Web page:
- Gentlemen, start your drones: Judge’s ruling opens door for commercial use
- Soldier who hid, bragged about not saluting flag to be punished — in secret
- ‘Maverick’ of the seas: ‘Top Gun’ school for U.S. ship officers to launch
- Putin declares Sochi Paralympics open amid Ukrainian protest
- ‘In Jesus name, we pray’ sparks ire at Ohio council meeting
- Navy’s first laser weapon ready for prime time; drone killer to deploy this summer
- Billionaire backer: Rick Santorum ‘needs to be heard’ in 2016
- Obamacare fallout: 49 percent pessimistic; 45 percent ‘scared’
- DHS accused of holding U.S. citizen at airport, using emails to pry into her sex life
- Seattle socialist: Minimum-wage discussion skewed by ‘right-wing’ GAO analysis
Latest Teamsters Items
Federal Bureau of Investigation agents are set to dig for the remains of Jimmy Hoffa in a field on the outskirts of Detroit on Monday.
One look at the ever-growing chorus of radical groups clamoring for Senate filibuster reform should be enough for anyone to understand what's really motivating the efforts.
Is there a more iconic American snack than the Twinkie?
The maker of Twinkies, Ding Dongs, Ho Hos and Wonder Bread agreed Monday to last-minute mediation talks in the labor dispute that has driven the company to the brink of shutting its doors.
The number of people seeking unemployment benefits ticked up slightly last week after two months of steady declines.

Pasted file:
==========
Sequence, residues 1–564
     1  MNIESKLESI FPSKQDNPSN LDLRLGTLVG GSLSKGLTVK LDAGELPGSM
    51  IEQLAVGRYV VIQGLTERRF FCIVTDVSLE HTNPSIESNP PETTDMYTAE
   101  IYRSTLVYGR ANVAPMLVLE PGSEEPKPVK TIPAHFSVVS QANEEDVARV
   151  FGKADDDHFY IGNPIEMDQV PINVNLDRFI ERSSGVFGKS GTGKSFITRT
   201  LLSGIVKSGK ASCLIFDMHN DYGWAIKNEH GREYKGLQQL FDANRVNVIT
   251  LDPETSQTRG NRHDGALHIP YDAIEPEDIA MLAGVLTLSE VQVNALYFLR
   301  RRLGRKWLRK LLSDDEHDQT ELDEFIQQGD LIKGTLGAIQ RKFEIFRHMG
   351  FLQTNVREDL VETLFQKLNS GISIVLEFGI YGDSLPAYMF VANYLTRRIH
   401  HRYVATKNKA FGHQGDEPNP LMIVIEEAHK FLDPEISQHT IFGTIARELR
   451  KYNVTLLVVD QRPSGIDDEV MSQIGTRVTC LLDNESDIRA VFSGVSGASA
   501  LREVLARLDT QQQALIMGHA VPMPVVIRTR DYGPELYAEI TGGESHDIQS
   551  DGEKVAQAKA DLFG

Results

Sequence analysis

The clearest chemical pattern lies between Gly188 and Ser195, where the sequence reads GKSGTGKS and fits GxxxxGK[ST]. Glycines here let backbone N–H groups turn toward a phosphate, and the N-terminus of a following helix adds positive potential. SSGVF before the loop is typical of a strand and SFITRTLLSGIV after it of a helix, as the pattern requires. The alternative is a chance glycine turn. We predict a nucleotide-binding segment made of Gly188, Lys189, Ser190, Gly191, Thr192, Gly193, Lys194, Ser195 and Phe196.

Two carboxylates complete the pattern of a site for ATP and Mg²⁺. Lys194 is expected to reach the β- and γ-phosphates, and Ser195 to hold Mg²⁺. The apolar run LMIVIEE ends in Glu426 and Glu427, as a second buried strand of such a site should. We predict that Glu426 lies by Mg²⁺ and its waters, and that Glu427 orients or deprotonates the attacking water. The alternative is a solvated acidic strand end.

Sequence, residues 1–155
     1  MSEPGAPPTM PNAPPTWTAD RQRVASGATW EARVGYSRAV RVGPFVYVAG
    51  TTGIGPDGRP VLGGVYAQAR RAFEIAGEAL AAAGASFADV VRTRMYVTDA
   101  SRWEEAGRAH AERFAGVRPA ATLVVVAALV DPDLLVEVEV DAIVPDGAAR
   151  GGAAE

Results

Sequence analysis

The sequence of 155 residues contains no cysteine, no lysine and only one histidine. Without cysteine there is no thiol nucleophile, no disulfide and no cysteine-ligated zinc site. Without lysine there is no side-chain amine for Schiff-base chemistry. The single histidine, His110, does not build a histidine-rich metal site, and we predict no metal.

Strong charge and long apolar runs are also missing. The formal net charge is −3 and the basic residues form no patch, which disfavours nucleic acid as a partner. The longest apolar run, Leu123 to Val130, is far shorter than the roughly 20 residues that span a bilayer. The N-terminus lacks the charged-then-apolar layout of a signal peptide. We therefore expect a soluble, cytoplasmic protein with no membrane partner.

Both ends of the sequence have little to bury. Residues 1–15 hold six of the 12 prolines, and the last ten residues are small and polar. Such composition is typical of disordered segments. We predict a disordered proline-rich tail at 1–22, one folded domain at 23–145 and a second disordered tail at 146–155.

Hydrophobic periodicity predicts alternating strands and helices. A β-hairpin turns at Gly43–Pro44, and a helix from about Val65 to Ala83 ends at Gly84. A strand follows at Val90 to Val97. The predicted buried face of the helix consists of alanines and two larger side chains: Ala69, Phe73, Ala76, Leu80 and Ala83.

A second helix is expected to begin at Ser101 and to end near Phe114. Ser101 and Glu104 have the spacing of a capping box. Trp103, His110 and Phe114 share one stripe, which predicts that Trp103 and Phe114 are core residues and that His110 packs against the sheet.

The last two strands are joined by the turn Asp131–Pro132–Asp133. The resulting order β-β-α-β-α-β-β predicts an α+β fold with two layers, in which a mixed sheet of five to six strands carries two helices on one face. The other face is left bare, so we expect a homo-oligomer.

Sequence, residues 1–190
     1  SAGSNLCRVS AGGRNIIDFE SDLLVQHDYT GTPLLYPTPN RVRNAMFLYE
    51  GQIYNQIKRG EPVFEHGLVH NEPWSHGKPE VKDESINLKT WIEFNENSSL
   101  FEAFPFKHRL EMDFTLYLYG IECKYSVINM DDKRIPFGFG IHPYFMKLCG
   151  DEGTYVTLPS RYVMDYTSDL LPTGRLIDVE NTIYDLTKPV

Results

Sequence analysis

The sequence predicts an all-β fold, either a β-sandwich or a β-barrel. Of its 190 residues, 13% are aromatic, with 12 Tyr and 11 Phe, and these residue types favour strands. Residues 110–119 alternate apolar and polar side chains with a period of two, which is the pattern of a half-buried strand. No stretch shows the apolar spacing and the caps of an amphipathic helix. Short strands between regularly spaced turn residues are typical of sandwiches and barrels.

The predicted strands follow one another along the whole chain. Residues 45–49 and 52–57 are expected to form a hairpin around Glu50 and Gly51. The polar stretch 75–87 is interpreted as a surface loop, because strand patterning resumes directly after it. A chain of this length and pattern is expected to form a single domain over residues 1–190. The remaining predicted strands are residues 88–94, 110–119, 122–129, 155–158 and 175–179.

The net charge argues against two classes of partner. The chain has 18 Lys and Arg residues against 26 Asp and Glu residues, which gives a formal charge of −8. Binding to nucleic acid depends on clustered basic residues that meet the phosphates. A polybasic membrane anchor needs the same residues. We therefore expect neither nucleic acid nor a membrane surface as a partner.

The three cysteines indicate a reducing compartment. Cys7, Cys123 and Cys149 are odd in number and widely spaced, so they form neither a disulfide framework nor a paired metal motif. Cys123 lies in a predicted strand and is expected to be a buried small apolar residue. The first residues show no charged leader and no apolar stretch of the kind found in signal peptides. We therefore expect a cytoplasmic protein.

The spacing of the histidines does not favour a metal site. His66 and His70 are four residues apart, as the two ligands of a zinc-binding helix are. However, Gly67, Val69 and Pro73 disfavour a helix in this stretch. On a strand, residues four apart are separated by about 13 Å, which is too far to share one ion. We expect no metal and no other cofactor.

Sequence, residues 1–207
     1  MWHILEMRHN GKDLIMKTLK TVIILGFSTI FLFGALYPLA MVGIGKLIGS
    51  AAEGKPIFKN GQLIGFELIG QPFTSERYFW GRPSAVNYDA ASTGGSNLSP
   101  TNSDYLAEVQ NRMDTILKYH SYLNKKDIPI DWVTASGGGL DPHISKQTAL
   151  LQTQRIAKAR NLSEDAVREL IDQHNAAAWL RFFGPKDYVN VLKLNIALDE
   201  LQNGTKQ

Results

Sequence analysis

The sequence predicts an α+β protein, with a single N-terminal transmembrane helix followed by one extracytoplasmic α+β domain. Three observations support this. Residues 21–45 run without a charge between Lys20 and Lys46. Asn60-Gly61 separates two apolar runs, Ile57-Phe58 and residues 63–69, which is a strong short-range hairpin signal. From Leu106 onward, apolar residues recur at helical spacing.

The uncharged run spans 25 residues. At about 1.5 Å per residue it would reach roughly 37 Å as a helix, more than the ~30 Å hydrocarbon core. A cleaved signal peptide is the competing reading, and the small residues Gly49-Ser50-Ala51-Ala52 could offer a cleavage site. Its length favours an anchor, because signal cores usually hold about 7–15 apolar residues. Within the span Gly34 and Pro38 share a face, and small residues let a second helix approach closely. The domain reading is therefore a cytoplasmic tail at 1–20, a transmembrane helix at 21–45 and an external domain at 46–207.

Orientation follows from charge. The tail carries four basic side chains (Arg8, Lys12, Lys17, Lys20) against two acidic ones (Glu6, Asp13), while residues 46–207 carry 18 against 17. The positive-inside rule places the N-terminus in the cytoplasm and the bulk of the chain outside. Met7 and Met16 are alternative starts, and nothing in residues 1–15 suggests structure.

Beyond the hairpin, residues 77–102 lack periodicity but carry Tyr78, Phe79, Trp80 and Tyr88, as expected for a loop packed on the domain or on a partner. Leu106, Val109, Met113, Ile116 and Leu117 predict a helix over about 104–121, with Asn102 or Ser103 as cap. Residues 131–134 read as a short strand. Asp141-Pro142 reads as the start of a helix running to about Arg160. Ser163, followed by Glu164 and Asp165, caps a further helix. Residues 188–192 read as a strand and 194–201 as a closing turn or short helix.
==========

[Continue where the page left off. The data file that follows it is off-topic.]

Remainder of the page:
In the past few weeks, leading Democrats in Congress have called Tea Party members terrorists, said they should go to hell and accused them of wanting to lynch black people. Last weekend at an event attended by President Obama, the head of the Teamsters Union, Jimmy Hoffa Jr., attacked the Tea Party, screaming, "President Obama, this is your army. We are ready to march. Let's take these sons of bitches [Tea Party members] out and give America back to an America where we belong." (Note: The president was not on the platform when Mr. Hoffa spoke.)
As the International Brotherhood of Teamsters nominated three candidates for general president at last month's convention, Sandy Pope's acceptance speech was noteworthy on several levels.
"Cross us and people will die." That is the message the public can take away from last week's New York snow-removal meltdown (no pun intended). The debacle showed how government employee unions, by holding a monopoly on services, can cripple communities in retaliation for not getting what they want. And they will do it time and time again.